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Unlocking Pakistan’s Nuclear Potential

By: Arslan Mehndi Nekokara  

Nuclear power can address the world’s energy emergency; yet, it must be set free from the state’s deterrence component. Pakistan is one of the nine nations on the planet with atomic weapons. It records the atomic elites, including our country, as the US, Russia, the UK, China, France, India, North Korea, and Israel. Pakistan, a country rich in geopolitical significance and history, is confronting various challenges that could decide its future way. The increasing expense of oil worldwide, the declining worth of the Pakistani rupee, and the inside political and economic strife in the country are adding to the state’s change into energy uncertainty. Even though its atomic program represents pride in the country and deterrence, the inefficiencies in our energy sector pose a danger to economic stability and development. Given the present geopolitical climate, which incorporates the conflict between Russia and Ukraine as well as the pressures in the Middle East, there is a need to diminish reliance on fossil fuels and increment the utilization of nuclear power for serene purposes.

As per the Pakistan Bureau of Statistics, energy deficiencies brought about a 5.7% drop in industrial production for the fiscal year 2023-2024. Right now, there are around 20,300 megawatts of power created, while 26,000 megawatts of electricity is the requirement. it impacted directly daily wage workers, laborers, and the industry sector are particularly helpless since they need to manage rising operating costs. Presently, fossil fuel accommodates 63% of Pakistan’s energy supply, while nuclear energy and renewable energy accommodate the remaining 37% (GOP, 2023).  In order to encourage private sector participation in renewable energy projects and reduce dependency on imported fuels, the government must fund infrastructure projects and offer incentives.

Nuclear energy fills the gap of 7% of Pakistan’s whole energy need, the country runs various nuclear power plants, for example, the Nuclear energy plants in Karachi KANUPP-1, K-2, and K-3 adding 1,100 MW of electricity to the national grid. In addition, the K-2 and K-3 units have created a significant number of job opportunities, supporting over 10,000 direct jobs and over 40,000 indirect jobs. Another, four reactors that make up the Chashma Nuclear Energy Station (CHASNUPP) have a capacity of around 1,330 MW. In the latest addition, the Pakistan Atomic Energy Commission (PAEC) is working on the Hualong One reactor with China as a fifth unit at Chashma, assigned C-5 which will add 1200MW power to the energy sector of Pakistan by 2029 (NTDC Power System Statistics 2022 and GOP, 2023).

This energy output is comparable to a reduction of 3.12 million tons of coal consumption, preventing the annual emission of 8.16 million tons of carbon dioxide into the environment. These plants are vital components of Pakistan’s energy infrastructure, but they aren’t being utilized to their full potential just yet.  According to Daniel Yergin in “The Quest: Energy, Security, and the Remaking of the Modern World,” nuclear energy creates a special connection between energy and economic stability, which the world should take advantage of it to ensure its long-term economic growth and stability.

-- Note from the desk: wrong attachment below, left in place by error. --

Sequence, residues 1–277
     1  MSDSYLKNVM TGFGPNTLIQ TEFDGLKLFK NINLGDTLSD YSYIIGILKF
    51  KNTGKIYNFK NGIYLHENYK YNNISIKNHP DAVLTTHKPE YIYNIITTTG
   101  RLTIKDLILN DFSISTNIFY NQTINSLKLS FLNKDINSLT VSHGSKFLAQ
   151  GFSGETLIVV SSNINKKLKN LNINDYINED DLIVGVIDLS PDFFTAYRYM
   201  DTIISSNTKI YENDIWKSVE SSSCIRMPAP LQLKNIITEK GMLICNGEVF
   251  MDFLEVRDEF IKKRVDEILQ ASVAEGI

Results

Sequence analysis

In order to achieve these goals under its Nuclear Energy Vision 2050 (Pakistan’s Alternative and Renewable Energy (ARE) Policy 2020) the state envisions an atomic power-creating capacity of 40,000 MW and has put forth itself an objective of producing 8,800 MW of nuclear power by 2030 in order to combat the ongoing energy crisis. Pakistan has chosen eight more sites for the building of nuclear power plants, for a total of 32 nuclear power plants (NPPs) at each location, in order to achieve these goals. It is anticipated that these facilities would supply 25% of the nation’s energy needs by 2050.  

Pakistan has a well-established nuclear program; however, developing an effective nuclear power generation system is fraught with difficulties. First, there are significant losses from the outdated and ineffective transmission and distribution infrastructure, estimated to be between 18 and 20 percent of the power generated. Second, corruption and ineptitude plague the governance of the energy industry, making it challenging to carry out programs successfully. Third, as of early 2024, the cyclical debt crisis—a situation in which debt accumulation occurs inside the energy supply chain—has reached around PKR 2.5 trillion ($15.5 billion), discouraging investment and extending the period of financial instability.

The successful use of nuclear energy has the potential to revolutionize Pakistan’s energy sector. The struggling state can address its energy crisis in a sustainable way by investing in public awareness and grid modernization, strengthening international collaborations, putting the most qualified individual in charge, increasing nuclear capability, and receiving governmental commitment and support. Pakistan’s larger developmental objectives are in line with nuclear energy’s path to energy security, economic stability, and environmental sustainability. Pakistan may meet its current and future energy needs by fully utilizing nuclear energy through strategic planning and cooperative efforts.

The writer is [email protected]

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